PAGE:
That is the type of man Patrolman Charles “Pat” Crow was. He lived his life helping those in need and, when chasing down two wanted felons, knowing he was in deep trouble from the heat, pushed through and arrested the thieves. Perhaps Pat can better rest knowing the LAPD family never forgets a brother or sister officer killed in the line of duty. Rest in peace, Officer Crow. You are missed but not forgotten.

Postscript: At the time of this writing, the Department is doing its due-diligence to determine if Patrolman Crow’s name should be listed to the Officers Killed in the Line of Duty records. I for one believe without a doubt he should be. Why he was not listed in his time, no one knows. If you have any feelings on this subject, please let me know and I will pass it along to the Department: jabultema@lapdhistory.com.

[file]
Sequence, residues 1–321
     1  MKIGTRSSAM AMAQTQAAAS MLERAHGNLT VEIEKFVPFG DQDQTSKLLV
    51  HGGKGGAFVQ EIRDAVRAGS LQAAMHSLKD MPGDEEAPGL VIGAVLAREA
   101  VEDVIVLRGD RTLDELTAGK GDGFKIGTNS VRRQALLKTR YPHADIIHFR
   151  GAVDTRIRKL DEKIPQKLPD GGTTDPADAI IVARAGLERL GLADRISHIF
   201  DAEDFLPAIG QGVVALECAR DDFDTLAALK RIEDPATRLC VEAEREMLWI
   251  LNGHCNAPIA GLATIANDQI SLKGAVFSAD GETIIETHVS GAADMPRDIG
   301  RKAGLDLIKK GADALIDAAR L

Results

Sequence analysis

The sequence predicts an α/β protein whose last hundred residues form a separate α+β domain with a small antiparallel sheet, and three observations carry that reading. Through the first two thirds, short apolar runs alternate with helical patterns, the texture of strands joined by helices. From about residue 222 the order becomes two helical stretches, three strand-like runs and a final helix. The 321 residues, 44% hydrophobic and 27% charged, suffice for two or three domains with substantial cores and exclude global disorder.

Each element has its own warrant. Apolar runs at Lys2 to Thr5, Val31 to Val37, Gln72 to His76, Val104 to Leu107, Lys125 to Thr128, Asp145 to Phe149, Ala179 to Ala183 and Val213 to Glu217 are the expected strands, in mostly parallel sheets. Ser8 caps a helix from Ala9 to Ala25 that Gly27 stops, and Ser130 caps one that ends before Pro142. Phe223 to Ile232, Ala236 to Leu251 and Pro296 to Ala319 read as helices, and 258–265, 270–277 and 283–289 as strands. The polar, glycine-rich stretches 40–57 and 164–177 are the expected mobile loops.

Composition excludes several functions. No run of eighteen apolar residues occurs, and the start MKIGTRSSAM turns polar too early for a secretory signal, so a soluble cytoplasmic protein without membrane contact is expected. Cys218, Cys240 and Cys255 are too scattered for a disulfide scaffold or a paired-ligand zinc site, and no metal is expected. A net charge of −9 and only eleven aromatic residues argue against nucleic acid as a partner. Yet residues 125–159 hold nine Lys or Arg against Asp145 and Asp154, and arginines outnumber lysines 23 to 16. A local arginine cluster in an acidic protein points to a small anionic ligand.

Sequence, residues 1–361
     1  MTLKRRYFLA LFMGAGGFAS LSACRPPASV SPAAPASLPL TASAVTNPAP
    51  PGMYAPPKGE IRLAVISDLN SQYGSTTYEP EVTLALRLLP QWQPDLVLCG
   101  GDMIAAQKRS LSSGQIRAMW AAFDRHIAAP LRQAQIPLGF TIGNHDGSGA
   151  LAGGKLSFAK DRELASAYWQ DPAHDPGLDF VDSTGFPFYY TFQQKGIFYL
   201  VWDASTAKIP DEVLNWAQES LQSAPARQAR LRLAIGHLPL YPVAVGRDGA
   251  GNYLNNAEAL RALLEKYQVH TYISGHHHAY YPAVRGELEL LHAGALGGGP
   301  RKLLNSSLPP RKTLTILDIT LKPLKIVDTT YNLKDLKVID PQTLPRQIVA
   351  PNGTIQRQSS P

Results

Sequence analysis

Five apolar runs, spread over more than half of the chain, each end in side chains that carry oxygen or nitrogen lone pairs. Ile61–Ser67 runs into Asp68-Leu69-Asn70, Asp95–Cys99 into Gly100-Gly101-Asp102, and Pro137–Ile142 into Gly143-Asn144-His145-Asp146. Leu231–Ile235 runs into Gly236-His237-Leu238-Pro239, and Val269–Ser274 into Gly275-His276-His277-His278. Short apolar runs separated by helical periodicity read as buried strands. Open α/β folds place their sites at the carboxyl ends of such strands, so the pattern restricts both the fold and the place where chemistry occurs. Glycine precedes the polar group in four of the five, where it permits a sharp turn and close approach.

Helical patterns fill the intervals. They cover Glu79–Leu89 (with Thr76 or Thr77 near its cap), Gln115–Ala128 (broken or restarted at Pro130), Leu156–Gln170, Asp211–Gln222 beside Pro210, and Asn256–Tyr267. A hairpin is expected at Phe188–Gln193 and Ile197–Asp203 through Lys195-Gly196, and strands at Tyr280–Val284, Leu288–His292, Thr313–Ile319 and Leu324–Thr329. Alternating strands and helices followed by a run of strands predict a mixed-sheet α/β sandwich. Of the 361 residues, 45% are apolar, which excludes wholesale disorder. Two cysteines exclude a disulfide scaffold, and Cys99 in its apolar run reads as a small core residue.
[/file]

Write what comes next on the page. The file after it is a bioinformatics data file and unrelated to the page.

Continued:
Guardians of Angels: 2014 in review

The WordPress.com stats experts prepared a 2014 annual report for Guardians of Angels: A History of the Los Angeles Police Department.

Here’s an excerpt:

A New York City subway train holds 1,200 people. This blog was viewed about 3,800 times in 2014. If it were a NYC subway train, it would take about 3 trips to carry that many people. Thank you all for showing an interest in the history of the Los Angeles Police Department.

Click here to see the complete report.

What’s in a Picture: 1938 LAPD Shootout